With school beginning to start, many students are wanting netbooks (as well as adults) because typically the average PC user surfs the web, uploads photos and videos and social networks. Well thanks to PC Magazine, here are some tips you need to know before you buy a netbook:
Most netbooks are between 8″ to 10″ screens and the prices are dropping faster than the economy. The other tidbit is more and more power has been added in these tiny PC laptops, I mean netbooks, so they’re really worth looking at for anyone who wants a simplistic yet powerful PC laptop. Your first complaint? The keyboards have to be too small since the netbooks are tiny. Wrong. “Once upon a time, full-sized keyboards were few and far between, but oversized netbooks like the Lenovo S12 and the Samsung NC20 and even standard-sized netbooks like the Toshiba mini NB205 and Acer AO751h are now including them. The vast majority of netbooks still have cramped typing experiences (they usually range from 89 to 93 percent of a full-size keyboard), but expect that to change very quickly,” states PC Magazine.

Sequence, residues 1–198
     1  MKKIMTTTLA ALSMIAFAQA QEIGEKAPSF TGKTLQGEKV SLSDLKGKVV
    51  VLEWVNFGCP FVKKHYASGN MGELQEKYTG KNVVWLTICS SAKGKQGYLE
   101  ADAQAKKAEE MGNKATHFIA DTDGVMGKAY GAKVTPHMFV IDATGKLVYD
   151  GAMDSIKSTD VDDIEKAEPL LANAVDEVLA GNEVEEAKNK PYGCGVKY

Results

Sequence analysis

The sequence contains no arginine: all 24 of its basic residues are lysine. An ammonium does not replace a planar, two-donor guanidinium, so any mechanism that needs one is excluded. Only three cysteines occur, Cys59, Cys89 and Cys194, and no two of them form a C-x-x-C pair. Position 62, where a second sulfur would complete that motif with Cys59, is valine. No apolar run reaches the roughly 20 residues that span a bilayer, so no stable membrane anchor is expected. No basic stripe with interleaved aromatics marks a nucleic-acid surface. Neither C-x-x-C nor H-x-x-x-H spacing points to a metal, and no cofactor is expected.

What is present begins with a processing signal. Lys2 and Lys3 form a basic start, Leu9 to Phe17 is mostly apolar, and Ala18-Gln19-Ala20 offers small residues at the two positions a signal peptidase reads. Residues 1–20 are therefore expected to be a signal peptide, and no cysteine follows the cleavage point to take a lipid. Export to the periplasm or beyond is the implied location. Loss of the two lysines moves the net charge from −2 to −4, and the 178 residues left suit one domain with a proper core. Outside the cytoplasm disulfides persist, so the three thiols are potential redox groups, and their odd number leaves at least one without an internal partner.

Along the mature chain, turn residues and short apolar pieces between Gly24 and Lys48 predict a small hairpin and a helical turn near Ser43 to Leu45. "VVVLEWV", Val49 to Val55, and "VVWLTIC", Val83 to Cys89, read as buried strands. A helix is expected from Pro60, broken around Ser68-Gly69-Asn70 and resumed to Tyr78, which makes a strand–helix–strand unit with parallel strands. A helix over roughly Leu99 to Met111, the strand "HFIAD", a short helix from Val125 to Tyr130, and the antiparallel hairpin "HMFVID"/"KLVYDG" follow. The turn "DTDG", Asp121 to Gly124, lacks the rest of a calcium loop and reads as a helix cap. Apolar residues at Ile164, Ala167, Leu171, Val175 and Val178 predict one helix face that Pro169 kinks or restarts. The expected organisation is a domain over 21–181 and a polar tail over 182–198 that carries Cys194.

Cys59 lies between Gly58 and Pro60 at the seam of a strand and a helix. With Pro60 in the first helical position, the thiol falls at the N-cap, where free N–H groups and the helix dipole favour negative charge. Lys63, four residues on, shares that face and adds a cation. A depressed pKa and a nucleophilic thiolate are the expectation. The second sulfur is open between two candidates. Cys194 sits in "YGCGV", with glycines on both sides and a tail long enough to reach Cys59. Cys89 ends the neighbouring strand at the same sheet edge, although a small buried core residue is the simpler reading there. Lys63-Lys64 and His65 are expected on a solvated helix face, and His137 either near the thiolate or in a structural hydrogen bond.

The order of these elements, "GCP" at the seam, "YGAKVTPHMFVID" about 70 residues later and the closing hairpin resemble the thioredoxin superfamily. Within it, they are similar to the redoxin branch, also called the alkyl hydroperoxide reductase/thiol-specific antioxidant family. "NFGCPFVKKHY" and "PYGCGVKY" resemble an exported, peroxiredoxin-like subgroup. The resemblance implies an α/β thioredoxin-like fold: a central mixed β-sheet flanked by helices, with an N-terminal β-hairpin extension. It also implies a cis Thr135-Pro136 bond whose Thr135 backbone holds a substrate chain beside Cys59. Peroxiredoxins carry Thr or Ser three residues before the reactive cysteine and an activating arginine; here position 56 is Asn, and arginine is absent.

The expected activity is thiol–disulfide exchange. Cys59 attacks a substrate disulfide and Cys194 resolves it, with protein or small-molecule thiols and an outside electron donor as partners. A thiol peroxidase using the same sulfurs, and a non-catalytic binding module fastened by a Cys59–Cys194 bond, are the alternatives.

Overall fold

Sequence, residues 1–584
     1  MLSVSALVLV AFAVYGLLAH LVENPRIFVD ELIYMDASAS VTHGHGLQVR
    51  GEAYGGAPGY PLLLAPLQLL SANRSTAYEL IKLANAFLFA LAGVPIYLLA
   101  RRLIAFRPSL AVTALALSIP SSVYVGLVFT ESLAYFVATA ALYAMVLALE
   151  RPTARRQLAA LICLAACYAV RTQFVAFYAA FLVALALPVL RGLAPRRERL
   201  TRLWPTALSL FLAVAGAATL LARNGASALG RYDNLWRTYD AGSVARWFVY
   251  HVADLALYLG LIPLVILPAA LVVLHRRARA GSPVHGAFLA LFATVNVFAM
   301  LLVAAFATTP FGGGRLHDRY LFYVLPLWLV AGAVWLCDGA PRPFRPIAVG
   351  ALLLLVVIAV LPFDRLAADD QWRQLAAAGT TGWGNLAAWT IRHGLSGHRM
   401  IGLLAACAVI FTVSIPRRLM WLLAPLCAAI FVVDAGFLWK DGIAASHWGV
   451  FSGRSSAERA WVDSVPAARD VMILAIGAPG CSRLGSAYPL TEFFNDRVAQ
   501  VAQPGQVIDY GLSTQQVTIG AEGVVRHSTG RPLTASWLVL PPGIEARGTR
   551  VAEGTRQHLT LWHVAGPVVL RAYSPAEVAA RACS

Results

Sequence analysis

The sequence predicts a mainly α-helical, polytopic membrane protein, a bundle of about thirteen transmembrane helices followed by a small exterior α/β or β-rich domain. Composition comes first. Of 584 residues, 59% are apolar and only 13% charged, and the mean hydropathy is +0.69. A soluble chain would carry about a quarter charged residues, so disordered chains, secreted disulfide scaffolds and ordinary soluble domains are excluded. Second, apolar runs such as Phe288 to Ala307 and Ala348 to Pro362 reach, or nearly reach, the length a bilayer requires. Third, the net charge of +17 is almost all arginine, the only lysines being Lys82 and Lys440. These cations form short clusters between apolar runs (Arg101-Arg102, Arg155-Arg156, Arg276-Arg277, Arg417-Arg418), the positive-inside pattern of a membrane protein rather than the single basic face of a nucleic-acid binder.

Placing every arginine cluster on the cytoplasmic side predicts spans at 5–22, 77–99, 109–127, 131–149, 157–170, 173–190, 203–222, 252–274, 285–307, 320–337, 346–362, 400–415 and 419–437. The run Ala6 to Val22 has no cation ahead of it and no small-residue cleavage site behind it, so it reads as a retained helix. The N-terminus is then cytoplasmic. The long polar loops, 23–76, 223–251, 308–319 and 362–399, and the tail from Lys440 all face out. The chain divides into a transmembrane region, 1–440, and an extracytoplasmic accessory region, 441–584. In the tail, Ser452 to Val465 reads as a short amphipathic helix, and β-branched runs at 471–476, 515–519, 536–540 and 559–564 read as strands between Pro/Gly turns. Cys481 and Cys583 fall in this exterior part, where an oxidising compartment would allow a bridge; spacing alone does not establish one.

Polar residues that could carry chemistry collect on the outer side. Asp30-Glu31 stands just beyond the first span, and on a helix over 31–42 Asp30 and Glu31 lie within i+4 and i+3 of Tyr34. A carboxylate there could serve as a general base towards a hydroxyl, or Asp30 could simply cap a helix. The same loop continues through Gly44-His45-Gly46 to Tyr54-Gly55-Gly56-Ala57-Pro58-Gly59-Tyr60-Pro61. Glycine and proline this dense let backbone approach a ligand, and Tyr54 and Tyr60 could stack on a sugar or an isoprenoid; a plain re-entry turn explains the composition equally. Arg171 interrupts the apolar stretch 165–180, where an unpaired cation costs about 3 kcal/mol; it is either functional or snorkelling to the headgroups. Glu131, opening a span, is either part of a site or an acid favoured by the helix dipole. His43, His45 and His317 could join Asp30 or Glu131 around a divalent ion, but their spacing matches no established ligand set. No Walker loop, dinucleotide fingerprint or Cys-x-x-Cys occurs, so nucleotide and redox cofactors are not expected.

Also, these netbook screens hold a powerful punch of screen resolution (standard with 1,366-by-768 but others like Lenovo’s are 1280-by-800 – full screen size baby!) PC Magazine also explains that the newer netbooks pack a punch. “You will find an abundance of USB ports, webcams, card readers, and built-in Wi-Fi. Netbooks don’t include optical drives—or at least not yet. (ASUS announced a netbook with one, but it hasn’t shipped yet.) Some, like the IdeaPad S12 and the Dell Inspiron Mini 10v, even have bonuses like ExpressCard slots and TV tuners. Bluetooth is a frequently seen feature in netbooks, while embedded 3G modems, which can use cellular signals to acquire broadband speeds, can be found in the HP Mini 5101 and Acer Aspire One (D250-1165).”
Now, if you’re going to buy a netbook, your processing power will more than likely come with the Intel Atom and typically 1gb of RAM, which is plenty for what a netbook is truly intended for. Last but not least, the price point of $300 to $600 is almost affordable by anyone, especially a college student who wants the power to surf the web, compress and edit video to send to Mom and Dad and even do their homework on Windows Office. Not too shabby if you ask me.
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